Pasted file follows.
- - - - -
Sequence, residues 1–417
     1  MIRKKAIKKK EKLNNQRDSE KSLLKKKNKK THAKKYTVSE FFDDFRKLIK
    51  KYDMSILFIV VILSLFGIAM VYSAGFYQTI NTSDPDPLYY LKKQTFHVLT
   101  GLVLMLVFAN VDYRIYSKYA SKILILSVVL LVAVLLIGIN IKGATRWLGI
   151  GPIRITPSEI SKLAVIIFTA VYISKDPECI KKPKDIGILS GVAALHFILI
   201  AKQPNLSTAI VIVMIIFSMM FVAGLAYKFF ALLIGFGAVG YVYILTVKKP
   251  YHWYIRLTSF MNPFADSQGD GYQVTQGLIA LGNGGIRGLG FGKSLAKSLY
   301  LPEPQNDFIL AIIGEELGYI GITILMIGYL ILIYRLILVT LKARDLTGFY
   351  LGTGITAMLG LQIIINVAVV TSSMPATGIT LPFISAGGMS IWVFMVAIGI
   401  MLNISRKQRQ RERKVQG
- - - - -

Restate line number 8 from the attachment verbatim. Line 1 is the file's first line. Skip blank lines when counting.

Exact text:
   301  LPEPQNDFIL AIIGEELGYI GITILMIGYL ILIYRLILVT LKARDLTGFY